When a couple with a child splits up or divorces it can be difficult for them to settle on custody arrangements. The courts may need to make the ultimate decision about the division of parenting time. Once you have a custody order in place, you should be able to depend on getting to see your children during your scheduled parenting time.
Sadly, many loving parents find themselves cut off from their kids by a vindictive ex. It might start small, with your weeknight visitation canceled because your child has an appointment scheduled at the same time when you should get to see them. Unfortunately, then it becomes that they are too sick to see you for the weekend or that they have social plans that your ex claims somehow supersedes your right to spend time with the children.
What can you do when your ex maliciously interferes in your relationship with your kids?
Keep a record of the issues you experience
In order to advocate for your right to your court-ordered parenting time, you may need to convince the courts that your ex has unfairly denied you access to the children. Every time your ex refuses to let you see the kids or intentionally diminishes your parenting time without an attempt to let you make it up, you should make a written note about what occurred.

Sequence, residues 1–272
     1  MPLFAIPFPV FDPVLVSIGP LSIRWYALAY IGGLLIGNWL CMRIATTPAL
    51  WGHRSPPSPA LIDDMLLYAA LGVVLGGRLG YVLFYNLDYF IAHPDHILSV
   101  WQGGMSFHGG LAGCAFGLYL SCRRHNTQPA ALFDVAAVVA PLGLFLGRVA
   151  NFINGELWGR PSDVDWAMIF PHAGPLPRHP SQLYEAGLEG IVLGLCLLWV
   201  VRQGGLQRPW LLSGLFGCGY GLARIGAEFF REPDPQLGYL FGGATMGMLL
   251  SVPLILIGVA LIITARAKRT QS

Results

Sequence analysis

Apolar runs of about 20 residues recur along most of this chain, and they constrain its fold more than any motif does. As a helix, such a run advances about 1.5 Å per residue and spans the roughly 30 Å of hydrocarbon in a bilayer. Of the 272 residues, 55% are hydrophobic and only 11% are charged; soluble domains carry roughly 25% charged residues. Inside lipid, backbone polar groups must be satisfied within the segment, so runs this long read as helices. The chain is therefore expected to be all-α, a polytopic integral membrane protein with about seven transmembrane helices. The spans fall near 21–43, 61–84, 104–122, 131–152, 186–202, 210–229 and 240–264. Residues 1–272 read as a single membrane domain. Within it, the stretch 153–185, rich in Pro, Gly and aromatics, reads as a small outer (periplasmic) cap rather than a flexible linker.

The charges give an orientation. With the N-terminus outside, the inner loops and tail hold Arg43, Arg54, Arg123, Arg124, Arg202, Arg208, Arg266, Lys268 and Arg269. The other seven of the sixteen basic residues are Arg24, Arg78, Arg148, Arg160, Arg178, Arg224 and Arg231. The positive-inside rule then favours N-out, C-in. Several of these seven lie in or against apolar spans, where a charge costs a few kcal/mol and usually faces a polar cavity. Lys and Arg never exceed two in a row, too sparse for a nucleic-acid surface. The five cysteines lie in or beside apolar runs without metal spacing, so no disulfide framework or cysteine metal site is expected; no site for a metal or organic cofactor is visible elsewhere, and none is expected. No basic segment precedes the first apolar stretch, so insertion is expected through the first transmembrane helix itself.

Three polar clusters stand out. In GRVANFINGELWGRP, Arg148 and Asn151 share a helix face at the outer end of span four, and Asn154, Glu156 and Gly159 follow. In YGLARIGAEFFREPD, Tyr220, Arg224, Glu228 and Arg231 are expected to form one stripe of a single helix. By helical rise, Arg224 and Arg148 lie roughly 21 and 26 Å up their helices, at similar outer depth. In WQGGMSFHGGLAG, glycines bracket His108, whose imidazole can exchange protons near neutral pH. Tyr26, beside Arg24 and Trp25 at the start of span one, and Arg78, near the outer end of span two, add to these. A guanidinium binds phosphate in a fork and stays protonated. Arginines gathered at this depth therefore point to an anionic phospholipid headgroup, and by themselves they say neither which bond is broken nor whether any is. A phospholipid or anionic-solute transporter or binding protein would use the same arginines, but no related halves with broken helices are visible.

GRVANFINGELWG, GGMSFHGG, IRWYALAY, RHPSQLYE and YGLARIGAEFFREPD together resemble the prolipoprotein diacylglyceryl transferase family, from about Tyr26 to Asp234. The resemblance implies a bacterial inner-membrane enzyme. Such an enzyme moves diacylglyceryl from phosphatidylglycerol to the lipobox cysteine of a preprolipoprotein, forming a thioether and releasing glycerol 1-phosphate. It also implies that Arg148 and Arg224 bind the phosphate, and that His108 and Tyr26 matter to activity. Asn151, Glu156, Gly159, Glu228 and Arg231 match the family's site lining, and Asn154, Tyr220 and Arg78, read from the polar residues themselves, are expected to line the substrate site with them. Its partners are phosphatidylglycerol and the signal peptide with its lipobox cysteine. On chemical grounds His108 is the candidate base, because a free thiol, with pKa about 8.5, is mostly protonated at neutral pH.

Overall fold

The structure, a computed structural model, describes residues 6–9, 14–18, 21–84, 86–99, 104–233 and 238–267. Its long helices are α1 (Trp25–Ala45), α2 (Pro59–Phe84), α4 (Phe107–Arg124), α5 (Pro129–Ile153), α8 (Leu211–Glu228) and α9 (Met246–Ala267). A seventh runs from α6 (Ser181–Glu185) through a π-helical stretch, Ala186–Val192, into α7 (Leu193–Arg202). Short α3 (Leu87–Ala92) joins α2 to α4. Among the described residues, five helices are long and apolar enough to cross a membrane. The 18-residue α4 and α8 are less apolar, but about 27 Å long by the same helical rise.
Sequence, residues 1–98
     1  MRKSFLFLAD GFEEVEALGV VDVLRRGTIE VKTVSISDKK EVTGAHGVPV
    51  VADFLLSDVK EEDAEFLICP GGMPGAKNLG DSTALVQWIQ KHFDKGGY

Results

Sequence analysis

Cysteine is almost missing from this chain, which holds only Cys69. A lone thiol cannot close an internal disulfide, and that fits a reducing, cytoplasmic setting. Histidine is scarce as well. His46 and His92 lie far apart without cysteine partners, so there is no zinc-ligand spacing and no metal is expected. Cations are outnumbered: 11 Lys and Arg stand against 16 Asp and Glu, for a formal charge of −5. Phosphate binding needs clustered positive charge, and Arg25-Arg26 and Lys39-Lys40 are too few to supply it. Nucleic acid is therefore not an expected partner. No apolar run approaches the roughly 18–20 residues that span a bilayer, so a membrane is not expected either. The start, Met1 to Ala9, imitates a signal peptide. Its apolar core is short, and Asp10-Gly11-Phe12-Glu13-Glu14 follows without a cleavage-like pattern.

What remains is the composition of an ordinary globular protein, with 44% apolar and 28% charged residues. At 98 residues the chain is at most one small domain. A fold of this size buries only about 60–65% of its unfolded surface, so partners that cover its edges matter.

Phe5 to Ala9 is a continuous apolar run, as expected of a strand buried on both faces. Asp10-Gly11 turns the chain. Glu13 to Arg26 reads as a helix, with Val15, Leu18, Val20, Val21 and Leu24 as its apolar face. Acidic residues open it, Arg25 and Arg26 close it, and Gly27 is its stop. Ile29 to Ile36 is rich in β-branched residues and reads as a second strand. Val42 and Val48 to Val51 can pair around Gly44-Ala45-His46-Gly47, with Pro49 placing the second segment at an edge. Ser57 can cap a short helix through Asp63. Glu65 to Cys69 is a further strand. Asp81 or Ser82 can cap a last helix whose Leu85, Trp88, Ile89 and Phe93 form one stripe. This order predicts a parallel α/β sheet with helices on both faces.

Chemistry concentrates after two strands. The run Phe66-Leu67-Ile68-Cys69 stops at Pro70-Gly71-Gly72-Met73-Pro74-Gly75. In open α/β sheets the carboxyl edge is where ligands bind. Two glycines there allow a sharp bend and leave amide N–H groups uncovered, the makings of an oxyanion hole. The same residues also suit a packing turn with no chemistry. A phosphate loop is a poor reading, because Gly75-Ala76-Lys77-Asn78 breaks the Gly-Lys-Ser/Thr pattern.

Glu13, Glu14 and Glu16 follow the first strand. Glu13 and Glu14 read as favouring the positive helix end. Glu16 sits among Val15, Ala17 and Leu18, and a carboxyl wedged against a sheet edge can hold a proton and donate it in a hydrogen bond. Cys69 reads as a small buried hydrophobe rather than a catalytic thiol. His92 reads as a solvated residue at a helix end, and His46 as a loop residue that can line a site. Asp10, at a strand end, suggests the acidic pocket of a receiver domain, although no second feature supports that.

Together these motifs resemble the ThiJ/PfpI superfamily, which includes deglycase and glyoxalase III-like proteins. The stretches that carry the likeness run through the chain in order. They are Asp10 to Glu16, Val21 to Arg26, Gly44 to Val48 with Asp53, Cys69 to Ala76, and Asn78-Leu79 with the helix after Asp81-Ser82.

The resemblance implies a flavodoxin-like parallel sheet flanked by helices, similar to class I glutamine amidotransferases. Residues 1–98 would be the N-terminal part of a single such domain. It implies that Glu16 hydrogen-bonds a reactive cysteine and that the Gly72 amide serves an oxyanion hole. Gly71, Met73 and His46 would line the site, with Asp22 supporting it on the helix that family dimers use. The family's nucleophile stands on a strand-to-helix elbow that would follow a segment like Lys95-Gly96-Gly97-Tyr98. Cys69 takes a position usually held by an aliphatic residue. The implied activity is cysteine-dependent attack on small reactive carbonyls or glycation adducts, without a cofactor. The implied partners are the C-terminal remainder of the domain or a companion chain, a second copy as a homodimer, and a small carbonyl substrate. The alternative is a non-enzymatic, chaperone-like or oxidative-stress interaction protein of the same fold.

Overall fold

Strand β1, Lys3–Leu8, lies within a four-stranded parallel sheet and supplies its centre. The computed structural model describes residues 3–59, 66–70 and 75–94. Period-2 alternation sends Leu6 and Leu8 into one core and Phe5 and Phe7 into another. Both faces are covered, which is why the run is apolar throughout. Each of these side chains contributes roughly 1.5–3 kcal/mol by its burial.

The time, the date and the excuse used are all important. Saving emails or text messages talking about keeping you from the kids or handing out paltry excuses for yet another cancellation can also serve as important documentation. Eventually, that pattern of behavior will clearly emerge no matter how creative the excuses are, which will make it easier for you to ask the courts for enforcement or even a modification.
What will the Massachusetts family courts do?
There are two approaches to handling denied parenting time. The first and most straightforward is simply asking for enforcement of the order. The courts can find your ex in contempt of court because of their refusal to comply with a court order giving you visitation or parenting time.
On the other hand, asking for a modification of your custody order could also be a solution. The courts might give you more parenting time or more legal authority to play a role in decision-making so that your ex can’t continue to steamroll you on custody matters.
Knowing that the courts can help will make handling an issue with your shared custody arrangement a little easier.